Photo of collaborators on this article from the left: Bob Korhely ,MG, Kelly Athena, MG, Garden Leader Linda Rominger, MG, Linda Tate, MG intern, Bill Felton, MG, and Dr. Carol Long. MG = Master Gardener through the University of Arizona Cooperative Extension. [Submitted photo]

“I have a brown thumb; everything that I plant dies.” This is a mantra heard frequently in Ahwatukee. Yes, gardening in the desert is different than gardening just about anywhere else, but you can reap tremendous success if you learn what to plant and when to plant it.

Preparation for a successful vegetable garden is a must: (1) Select a location that has loose, fertile and well-drained soil and receives six-eight hours of full sun exposure. (2) Decide on vegetables you would like from a list of suitable plants for the season (see the lists below). (3) Since our soil generally lacks organic material and nitrogen, prepare the soil with mulch and fertilizer prior to planting. Using compost can alleviate these deficiencies. (4) Plant seeds to the proper depth and spacing. Handle transplants with care and protect plants for a few days from intense sunlight by covering them with a shade cloth during the hot afternoons. (5) Irrigate the soil to provide moist, but not wet soil conditions. (6) Control weeds and pests with organic means like weeding by hand and companion planting to keep pests away. (7) Harvest daily to assure peak quality.

October is an optimum time for planting in the desert. Many vegetables can be grown during our mild winters and will be ready for harvesting over the months ahead and early spring. If you prefer to start seeds directly in the ground, they should be planted now. The following list outlines the seeds to plant now and number of days before they are usually ready for harvesting.

Direct Seed: Beets 60-80 days to maturity, Chinese Cabbage 70-80, Collard Greens 80, Leeks 180-200, Peas 60-120, Bok Choy 45, Carrots 60-100, Endive 80-120, Mustard 35-45, Radishes 40-60, Broccoli 120-130, Cauliflower 120-130, Kale 60-90, Bulb Onions 120-150, Rutabagas 100-120, Brussel Sprouts 130-150, Celery 120-150, Kohlrabi 50-60, Green Onions 90-100, Spinach 40-90, Cabbage 120-130, Chard 60-90, Lettuce 50-90, Parsnips 100-120, Turnips 90-120 days to harvest.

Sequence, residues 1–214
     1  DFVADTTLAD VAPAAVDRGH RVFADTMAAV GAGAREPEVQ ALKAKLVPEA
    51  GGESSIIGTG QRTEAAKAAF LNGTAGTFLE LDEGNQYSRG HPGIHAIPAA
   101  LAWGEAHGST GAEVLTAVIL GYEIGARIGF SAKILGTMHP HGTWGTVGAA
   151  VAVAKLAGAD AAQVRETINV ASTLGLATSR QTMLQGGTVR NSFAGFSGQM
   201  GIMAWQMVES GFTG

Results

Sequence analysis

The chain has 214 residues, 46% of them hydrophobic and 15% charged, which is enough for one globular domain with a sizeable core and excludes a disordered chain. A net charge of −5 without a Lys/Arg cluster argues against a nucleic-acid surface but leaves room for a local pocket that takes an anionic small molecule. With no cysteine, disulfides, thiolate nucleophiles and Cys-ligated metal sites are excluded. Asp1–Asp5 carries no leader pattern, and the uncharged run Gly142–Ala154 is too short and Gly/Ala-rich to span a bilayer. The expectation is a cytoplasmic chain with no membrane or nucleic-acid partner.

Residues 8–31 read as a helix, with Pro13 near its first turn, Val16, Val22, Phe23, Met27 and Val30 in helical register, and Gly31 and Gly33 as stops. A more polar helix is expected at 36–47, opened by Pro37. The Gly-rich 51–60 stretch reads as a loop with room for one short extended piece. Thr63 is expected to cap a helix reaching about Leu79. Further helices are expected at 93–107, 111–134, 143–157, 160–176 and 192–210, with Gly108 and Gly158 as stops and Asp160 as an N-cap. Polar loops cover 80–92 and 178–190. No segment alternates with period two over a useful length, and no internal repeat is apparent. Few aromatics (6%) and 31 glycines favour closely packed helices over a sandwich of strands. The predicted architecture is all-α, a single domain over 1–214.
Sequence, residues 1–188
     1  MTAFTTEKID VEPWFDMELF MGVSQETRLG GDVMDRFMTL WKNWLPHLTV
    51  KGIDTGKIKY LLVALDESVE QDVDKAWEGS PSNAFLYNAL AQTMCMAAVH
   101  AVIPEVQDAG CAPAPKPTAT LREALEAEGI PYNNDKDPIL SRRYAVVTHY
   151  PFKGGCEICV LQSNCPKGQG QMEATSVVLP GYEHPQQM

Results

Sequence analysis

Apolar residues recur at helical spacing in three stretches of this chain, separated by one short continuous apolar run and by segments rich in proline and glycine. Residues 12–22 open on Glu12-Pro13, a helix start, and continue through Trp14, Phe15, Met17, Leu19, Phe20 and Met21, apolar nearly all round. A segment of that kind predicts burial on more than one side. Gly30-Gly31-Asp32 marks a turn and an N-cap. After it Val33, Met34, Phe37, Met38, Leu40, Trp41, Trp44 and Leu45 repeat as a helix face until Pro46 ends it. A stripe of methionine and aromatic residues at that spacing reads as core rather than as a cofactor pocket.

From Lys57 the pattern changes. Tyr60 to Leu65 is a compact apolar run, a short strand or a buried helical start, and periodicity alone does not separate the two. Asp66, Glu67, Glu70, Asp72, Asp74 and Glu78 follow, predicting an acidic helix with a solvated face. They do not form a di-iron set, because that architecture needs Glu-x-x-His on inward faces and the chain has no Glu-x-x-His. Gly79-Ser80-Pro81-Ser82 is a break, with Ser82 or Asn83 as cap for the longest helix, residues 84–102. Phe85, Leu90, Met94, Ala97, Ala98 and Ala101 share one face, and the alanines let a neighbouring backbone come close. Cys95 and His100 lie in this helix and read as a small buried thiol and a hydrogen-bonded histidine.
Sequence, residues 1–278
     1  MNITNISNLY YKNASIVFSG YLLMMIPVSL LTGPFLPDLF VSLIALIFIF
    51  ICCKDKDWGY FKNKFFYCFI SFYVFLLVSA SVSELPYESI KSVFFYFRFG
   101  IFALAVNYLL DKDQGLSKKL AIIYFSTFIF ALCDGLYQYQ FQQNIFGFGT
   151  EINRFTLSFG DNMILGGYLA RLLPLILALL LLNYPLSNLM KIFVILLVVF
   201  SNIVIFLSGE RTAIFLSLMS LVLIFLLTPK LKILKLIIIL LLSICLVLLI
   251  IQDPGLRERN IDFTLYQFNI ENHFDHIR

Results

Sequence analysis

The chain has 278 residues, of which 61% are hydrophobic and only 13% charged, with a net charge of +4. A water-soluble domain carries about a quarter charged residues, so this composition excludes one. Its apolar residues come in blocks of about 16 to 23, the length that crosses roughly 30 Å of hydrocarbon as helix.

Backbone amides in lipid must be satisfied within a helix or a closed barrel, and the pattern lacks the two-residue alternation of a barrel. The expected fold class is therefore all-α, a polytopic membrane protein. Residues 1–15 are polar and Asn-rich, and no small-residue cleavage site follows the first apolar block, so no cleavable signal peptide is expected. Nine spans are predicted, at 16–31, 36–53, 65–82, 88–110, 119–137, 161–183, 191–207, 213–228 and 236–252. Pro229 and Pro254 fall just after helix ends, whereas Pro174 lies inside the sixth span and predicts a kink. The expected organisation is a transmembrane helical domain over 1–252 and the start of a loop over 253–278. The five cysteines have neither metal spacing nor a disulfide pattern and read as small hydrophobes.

If you want to speed up the time from planting to harvest, consider using transplants instead of direct seeding and expect to begin harvesting about a month sooner than with seeds.

Transplants: Broccoli 90-100, Cabbage 80-90, Cauliflower 90-100, Sets of Garlic 150-210, Brussel Sprouts 100-120, Chinese Cabbage 45-60, Kohlrabi 45-60, Bulb Onion Sets 120-150.

October is also prime time to sow seed for spring wildflowers, herbs, and most bulbs. Go crazy with planting, except for those plants that are very frost tender. This is an excellent time to plant in the low desert because the soil is still warm and temperatures are not excessive. This allows for roots to develop and plants to establish before the cold temperatures arrive in December and January.

You can get free seeds for many species that do well in the area from the Rio Salado Seed Shed Library, maintained by the Ahwatukee Community Garden Project, and Ironwood Library’s Seed Sharing Project.

There is always plenty to learn and plenty to do at the Ahwatukee Community Garden, located at 4700 E. Warner Road, at the northwest corner behind the Sunday Farmer’s Market and playground area. All ages are welcome to join whether you have gardening experience or not. We meet every Sunday morning from 8-9 a.m. Visit our website at, and leave any questions that you have. We’re also on Facebook and Twitter.

• Information for this article was provided by the Master Gardeners involved in the Ahwatukee Community Garden Project using planting calendars from the Master Gardener program and the Desert Botanical Garden as resources.

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